On election day, I’d spent the day nervously checking headlines and social media looking for election news. I was encouraged by Hillary’s strong poll numbers despite FBI director Comey’s possibly illegal attempt to sabotage her with that endless email scandal. In the evening, I went over to a friend’s house with a bottle of champagne to watch the returns and celebrate the election of the first woman president. But it was more than that. As President Obama has pointed out, no candidate has ever been more qualified to be President of the United States. Looking at her opponent, no candidate has ever been more ill-qualified or poorly prepared for this office.
As the returns began to drift in, I began to get a disturbing feeling that something was wrong. There was an undercurrent that this would not have a happy ending. We sat in stunned silence watching state after state fall to Trump. The angry white masses had spoken with their votes. No one slept well that night, and the next day we wandered around in a fog.
We began to imagine what a Trump presidency might look like, and it was chilling
I thought of what this country looked like after eight years of Bush/Cheney—we took big steps backwards on the environment, science and technology. Forget an unnecessary war for now. One of the first things Bush had done when he got into office was to try to shut down Planned Parenthood. I read about our new VP Pence, who doesn’t believe in evolution or global warming. Both Trump and Pence believe that women should be punished for having abortions. Pence wanted women in his state to be forced to have funerals for fetuses. This is positively medieval.
What kind of cabinet would these men assemble, what kinds of advisers? Trump clearly placed no value on women except as objects of gratification, so there likely would be no smart women bringing their unique experience to his cabinet. With a Republican Congress and Supreme Court appointments, I simply can’t imagine what America will look like in four years.
So there’s a marketing lesson here
Let’s face it. Hillary is not for every taste. She has always been a divisive public figure. People are seldom neutral on Hillary. But as Oprah said, “You don’t have to LIKE her. Just vote for her.” She’s simply extraordinary, smart, prepared and hard working. She never gives up.
Hillary spent millions on a comprehensive multichannel marketing campaign, using print, TV and electronic media to communicate with her audience. Donald benefited from more than an estimated $3B in free media. In the end Trump did pour a significant amount of money—much of it his own– into advertising – and it apparently outperformed Clinton’s.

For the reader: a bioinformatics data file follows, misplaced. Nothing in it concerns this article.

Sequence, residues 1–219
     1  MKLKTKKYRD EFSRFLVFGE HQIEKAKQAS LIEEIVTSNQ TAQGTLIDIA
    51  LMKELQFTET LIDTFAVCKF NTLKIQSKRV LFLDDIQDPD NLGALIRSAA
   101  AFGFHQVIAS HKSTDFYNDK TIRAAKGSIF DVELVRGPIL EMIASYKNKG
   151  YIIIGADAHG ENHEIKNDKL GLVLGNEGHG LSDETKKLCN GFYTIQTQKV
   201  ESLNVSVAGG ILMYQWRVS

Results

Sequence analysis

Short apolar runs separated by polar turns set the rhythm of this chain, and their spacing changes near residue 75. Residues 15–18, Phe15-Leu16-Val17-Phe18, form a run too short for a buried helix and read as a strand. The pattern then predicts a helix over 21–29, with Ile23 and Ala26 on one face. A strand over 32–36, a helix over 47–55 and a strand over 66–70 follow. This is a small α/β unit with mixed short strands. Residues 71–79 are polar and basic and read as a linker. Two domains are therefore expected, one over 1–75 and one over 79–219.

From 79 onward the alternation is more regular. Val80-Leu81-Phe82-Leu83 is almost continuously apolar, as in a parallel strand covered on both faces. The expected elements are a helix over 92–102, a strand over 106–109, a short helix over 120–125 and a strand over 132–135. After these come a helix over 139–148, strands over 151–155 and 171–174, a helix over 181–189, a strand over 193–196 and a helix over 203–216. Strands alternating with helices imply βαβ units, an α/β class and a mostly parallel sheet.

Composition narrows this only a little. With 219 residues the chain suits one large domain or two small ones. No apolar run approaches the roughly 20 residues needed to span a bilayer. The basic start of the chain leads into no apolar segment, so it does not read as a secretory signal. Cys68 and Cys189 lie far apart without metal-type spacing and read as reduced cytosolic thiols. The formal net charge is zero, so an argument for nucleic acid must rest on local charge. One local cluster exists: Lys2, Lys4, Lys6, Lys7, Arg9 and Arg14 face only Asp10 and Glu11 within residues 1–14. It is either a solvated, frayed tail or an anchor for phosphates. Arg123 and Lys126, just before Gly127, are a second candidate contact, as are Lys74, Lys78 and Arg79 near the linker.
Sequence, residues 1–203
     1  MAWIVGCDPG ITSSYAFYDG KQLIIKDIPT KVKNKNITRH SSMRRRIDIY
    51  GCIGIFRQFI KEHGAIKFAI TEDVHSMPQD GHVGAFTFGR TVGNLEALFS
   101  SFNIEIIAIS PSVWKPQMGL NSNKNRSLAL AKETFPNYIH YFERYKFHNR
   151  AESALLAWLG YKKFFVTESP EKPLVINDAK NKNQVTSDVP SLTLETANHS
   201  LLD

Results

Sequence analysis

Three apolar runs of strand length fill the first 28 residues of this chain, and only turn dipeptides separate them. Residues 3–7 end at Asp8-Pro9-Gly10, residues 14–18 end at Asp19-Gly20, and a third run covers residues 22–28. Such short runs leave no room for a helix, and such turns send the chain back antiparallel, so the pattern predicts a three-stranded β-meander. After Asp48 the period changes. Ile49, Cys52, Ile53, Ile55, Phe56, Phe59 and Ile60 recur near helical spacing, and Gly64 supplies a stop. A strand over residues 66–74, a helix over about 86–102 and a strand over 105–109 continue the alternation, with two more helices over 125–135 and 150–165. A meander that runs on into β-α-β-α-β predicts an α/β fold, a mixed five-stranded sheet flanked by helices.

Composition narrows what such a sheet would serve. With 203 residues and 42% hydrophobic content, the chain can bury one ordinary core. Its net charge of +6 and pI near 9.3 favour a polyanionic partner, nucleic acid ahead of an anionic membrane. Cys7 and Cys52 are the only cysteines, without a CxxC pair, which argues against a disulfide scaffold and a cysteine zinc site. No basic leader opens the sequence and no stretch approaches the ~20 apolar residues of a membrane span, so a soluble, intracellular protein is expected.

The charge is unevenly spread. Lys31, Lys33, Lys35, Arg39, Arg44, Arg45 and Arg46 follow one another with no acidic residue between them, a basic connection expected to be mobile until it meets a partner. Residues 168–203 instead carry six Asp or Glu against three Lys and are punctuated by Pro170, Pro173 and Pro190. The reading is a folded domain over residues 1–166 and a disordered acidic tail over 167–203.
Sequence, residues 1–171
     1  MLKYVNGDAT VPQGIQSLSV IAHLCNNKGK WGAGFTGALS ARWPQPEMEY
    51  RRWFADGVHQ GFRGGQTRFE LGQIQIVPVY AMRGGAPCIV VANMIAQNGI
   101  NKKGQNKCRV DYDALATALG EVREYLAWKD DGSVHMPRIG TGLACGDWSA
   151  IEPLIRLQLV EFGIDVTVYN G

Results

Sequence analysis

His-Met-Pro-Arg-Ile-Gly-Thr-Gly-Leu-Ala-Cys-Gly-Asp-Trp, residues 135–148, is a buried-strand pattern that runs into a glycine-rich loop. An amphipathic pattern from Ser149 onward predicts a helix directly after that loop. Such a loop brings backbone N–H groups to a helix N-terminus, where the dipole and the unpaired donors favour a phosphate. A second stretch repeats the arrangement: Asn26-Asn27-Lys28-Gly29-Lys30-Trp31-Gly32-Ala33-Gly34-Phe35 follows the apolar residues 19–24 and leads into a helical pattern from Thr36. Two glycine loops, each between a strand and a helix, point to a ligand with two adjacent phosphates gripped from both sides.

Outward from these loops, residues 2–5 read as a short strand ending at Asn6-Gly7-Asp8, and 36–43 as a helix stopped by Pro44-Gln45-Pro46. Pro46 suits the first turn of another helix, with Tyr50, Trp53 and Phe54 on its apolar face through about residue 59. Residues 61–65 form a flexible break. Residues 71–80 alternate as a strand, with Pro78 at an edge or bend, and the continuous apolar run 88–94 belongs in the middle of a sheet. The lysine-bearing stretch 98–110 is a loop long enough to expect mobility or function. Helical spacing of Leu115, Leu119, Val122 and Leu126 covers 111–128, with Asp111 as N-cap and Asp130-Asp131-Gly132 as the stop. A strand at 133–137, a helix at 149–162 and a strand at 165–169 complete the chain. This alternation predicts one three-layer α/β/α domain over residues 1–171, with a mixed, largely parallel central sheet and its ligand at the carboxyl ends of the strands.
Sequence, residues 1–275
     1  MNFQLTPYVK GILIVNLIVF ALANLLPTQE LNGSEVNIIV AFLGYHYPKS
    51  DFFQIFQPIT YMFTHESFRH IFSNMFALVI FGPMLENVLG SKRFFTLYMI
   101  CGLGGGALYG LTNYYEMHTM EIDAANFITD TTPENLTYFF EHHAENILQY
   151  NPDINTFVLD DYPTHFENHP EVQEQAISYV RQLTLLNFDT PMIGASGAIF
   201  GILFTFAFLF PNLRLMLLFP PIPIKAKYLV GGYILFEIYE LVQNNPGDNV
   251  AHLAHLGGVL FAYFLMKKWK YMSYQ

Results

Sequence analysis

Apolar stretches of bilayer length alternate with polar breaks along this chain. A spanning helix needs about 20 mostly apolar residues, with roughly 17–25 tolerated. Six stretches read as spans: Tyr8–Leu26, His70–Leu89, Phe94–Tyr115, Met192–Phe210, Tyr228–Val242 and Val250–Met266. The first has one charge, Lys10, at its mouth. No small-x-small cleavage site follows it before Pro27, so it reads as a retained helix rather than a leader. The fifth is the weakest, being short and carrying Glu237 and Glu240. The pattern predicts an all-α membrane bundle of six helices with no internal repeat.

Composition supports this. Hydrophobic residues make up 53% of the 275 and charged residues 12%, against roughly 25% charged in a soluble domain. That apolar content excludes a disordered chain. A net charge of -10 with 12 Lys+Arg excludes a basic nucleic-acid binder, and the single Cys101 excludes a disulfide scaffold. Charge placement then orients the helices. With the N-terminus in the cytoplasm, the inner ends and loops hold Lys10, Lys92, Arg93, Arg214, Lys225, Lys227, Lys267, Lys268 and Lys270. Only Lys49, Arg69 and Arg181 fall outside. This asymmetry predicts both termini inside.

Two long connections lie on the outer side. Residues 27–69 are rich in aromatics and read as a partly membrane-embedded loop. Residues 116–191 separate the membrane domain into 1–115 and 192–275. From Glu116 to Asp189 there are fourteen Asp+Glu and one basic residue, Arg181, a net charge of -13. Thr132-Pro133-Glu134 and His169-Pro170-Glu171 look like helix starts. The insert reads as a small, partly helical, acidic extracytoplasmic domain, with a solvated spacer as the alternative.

Marketing 101: Identifying, listening to and responding to her audience
Clearly, the biggest problem with the Clinton campaign was not listening to her audience and telling them what they want to hear. A total disconnect. This is Marketing 101. Hillary ostensibly won all of the debates because she was superbly prepared, articulate and polished, as compared to her bumbling opponent. But every time she talked about the ideals of inclusiveness—the very tenets upon which our Democracy is based—she drove a wedge into that mass of angry white voters. Every time she featured a disabled person, a Latina, Muslim or African American in an ad or one of her many very moving videos on YouTube, she turned off another one of the white working class (WWC) voters.
They’re not interested in inclusiveness
They see these people of other races as threats, taking their jobs, bringing multiculturalism to their communities. Instead, Donald Trump has empowered the WWC to hate the disabled and those of other races who have come to America seeking opportunity just as their own ancestors did. As Hillary reveled in our Democratic legacy, the angry white masses rejected it and voted for Trump.
No one predicted an upset
Everyone missed the signals–the pollsters, the political operatives and the media. Clinton’s team apparently didn’t go into the countryside, the little towns where people are struggling and many aren’t making it. What does the liberal elite know of this demographic? Apparently not enough, but this is where there were masses of Trump signs for the masses of angry white voters.
So what can we do?
Be aggressive. We still have a voice. Get to know your congress men and women. Work for change. Four years of Trump is one thing, but we can’t bear eight years.